So I went home and watched the movie I had forever considered too loud and finally figured out what all the fuss was about the lady in the TV. I’d wanted to hate it so I could tell her how lame she was. Like any kid, I didn’t want my mom to be “hot” or “cool”–she was my mom. I was supposed to be the “cool,” “hot” one–not her! But staring at the screen that day, I realized no one is, or ever will be, as hot or as cool as Princess F-cking Leia. (Excuse my language. She’s just that cool!)
Later that year, I went to Comic-Con with my mom. It was the first time I realized how widespread and deep people’s love for Leia was, even after so many years. It was surreal: people of all ages from all over the world were dressed up like my mom, the lady who sang me to sleep at night and held me when I was scared. Watching the amount of joy it brought to people when she hugged them or threw glitter in their faces was incredible to witness. People waited in line for hours just to meet her. People had tattoos of her. People named their children after her. People had stories of how Leia saved their lives. It was a side of my mom I had never seen before. And it was magical.
I realized then that Leia is more than just a character. She’s a feeling. She is strength. She is grace. She is wit. She is femininity at its finest. She knows what she wants, and she gets it. She doesn’t need anyone to defend her, because she defends herself. And no one could have played her like my mother. Princess Leia is Carrie Fisher. Carrie Fisher is Princess Leia. The two go hand in hand.
When I graduated from college, like most folks, I was trying to figure out what the hell to do with my life. I went to school planning to throw music festivals, but always had this little sliver of me that wanted to do what my parents pushed me so hard not to do–act. I was embarrassed to admit I was even slightly interested. So when my mom called me and told me they wanted me to come in to audition for Star Wars, I pretended it wasn’t a big deal–I even laughed at the concept–but inside I couldn’t think of anything that would make me happier. A couple weeks later I went in for my audition. I probably had never been more nervous in my life. I was terrified and most likely made a fool of myself, but I kind of had a great time doing it. I assumed they would never call me, but after that audition, I realized I wanted to give the whole acting thing a shot. I was definitely afraid, but as a wise woman once said, “Stay afraid, but do it anyway … The confidence will follow.”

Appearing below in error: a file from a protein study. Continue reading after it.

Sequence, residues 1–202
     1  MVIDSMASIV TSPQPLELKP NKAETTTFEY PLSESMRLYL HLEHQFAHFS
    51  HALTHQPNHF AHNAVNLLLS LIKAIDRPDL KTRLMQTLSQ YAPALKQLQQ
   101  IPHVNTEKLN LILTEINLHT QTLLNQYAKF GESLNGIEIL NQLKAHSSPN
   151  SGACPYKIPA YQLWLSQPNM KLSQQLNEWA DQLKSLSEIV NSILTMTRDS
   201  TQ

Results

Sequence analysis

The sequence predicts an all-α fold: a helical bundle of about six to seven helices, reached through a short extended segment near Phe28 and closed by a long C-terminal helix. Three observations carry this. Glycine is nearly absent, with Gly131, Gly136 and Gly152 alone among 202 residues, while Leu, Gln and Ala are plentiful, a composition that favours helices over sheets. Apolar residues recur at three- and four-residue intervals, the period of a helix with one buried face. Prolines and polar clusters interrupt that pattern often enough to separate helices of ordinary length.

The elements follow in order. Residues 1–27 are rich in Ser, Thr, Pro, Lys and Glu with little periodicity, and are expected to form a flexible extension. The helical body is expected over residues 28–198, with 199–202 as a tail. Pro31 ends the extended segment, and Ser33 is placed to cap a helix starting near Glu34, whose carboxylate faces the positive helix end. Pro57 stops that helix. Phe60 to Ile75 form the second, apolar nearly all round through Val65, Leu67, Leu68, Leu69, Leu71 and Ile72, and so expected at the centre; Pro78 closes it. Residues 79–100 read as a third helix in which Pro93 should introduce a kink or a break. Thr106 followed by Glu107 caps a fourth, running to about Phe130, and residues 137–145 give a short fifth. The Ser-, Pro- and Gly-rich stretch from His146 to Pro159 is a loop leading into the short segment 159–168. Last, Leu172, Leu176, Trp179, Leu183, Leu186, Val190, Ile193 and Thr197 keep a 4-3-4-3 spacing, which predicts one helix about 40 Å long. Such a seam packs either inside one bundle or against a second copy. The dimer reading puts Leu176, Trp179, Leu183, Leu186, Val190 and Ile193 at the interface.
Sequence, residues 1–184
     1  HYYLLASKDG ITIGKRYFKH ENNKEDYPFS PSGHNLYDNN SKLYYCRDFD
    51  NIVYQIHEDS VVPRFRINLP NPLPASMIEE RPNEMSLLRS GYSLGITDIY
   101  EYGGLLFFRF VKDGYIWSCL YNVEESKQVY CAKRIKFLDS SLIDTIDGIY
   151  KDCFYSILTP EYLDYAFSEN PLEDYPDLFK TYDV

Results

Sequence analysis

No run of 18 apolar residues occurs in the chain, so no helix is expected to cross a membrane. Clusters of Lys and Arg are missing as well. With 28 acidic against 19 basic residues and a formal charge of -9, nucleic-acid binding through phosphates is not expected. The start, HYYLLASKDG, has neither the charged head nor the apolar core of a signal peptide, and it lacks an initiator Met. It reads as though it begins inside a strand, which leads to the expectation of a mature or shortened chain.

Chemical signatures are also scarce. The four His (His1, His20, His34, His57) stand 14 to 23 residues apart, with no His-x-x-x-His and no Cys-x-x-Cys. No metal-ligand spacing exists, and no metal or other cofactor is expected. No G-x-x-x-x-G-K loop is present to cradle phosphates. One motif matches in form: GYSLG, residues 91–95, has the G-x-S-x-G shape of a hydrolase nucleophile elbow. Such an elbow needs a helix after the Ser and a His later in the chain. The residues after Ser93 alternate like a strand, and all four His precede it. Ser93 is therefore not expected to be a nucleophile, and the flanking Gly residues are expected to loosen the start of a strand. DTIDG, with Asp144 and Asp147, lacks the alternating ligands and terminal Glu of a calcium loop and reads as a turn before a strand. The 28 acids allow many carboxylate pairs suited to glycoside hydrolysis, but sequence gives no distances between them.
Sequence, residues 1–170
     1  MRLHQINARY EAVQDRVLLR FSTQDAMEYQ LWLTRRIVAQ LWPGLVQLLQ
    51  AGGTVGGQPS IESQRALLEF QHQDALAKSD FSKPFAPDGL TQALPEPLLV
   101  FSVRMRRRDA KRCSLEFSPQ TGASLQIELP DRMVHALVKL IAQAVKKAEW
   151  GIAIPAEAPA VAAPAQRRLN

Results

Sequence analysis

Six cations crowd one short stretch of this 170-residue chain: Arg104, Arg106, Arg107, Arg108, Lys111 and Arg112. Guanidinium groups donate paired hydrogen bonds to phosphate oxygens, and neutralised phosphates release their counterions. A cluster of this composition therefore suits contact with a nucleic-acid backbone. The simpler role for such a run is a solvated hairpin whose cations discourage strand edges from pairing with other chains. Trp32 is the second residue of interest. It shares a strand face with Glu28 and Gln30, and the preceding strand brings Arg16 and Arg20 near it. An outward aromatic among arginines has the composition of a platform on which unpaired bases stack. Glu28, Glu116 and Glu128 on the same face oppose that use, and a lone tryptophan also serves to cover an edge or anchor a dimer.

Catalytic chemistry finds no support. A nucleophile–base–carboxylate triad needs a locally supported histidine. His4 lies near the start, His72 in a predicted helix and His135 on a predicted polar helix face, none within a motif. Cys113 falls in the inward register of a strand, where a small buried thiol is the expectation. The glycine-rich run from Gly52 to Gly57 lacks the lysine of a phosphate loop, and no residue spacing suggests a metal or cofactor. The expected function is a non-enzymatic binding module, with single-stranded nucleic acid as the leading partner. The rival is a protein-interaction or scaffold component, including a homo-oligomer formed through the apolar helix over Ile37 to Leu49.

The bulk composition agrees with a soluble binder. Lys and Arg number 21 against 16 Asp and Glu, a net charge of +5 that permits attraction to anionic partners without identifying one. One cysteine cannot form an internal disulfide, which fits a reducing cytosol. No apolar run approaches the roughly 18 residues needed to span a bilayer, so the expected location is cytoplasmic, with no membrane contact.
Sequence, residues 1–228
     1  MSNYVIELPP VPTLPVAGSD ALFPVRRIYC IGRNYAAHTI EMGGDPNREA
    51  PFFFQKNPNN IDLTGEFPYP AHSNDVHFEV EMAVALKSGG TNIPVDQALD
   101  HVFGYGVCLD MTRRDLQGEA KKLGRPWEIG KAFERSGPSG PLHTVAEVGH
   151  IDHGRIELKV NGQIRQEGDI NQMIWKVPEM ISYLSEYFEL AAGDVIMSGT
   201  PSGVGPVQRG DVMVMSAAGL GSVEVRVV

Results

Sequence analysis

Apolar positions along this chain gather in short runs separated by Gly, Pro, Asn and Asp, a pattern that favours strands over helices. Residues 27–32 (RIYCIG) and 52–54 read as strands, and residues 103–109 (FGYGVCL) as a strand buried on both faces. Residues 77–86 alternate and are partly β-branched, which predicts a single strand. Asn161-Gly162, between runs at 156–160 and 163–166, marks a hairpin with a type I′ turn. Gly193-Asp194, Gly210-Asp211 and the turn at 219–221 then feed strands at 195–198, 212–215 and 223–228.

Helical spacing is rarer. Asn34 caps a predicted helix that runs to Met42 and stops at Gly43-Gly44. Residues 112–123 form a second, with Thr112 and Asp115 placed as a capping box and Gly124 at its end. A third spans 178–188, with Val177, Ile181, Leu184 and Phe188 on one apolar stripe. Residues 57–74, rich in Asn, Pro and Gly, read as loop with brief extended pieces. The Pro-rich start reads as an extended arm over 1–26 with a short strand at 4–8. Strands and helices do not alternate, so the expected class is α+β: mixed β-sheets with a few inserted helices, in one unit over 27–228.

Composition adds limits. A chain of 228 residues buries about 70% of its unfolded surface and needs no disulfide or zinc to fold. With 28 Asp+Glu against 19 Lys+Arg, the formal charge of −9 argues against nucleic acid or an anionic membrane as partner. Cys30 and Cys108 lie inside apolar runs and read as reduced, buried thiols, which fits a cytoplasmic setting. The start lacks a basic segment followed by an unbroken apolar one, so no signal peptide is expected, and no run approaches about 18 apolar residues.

About a month later, they somehow ended up calling. And there I was, on my way to be in motherf-cking Star Wars. Whoa. Growing up, my parents treated film sets like a house full of people with the flu: they kept me away from them at all costs. So on that fateful first day driving up to Pinewood, I was like a doe-eyed child. I couldn’t tell my mom, but little sassy, sarcastic, postcollege me felt like a giddy, grateful middle schooler showing up to a fancy new school.
DEADLINE – J.J. Abrams explained to D23 attendees today, how the late Carrie Fisher will be included in the upcoming Star Wars: The Rise of Skywalker.
“The character of Leia is really, in a way, the heart of this story. When we were talking about this story we realized we could not possibly tell the end of these nine films without Leia,” Abrams said during the gathering in Anaheim.
Fisher died in December 2016 at age 60, after suffering a heart attack on a flight from London to Los Angeles.
Abrams revealed he still had unused footage of the beloved actress from The Force Awakens, and decided to use it in the finale of the original Skywalker saga.
“We realized we could use [it] in a new way so Carrie, as Leia, gets to be in the film,” he said.
Abrams noted that he wasn’t originally intended to direct the final film, but was inspired by something Fisher wrote about the future Star Wars project in her book The Princess Diarist, before she passed away.
“She was almost sort of supernaturally witty and magical in a way,” Abrams said.
He went on to recall that Fisher penned: “‘And special thanks to J.J. Abrams for putting up with me twice.’ Now, I had never worked with her before The Force Awakens and I wasn’t supposed to do this movie, so it was a classic Carrie thing to sort of write something like that and it could only mean one thing for me. And I could not be more excited to have you see her in her final performance.”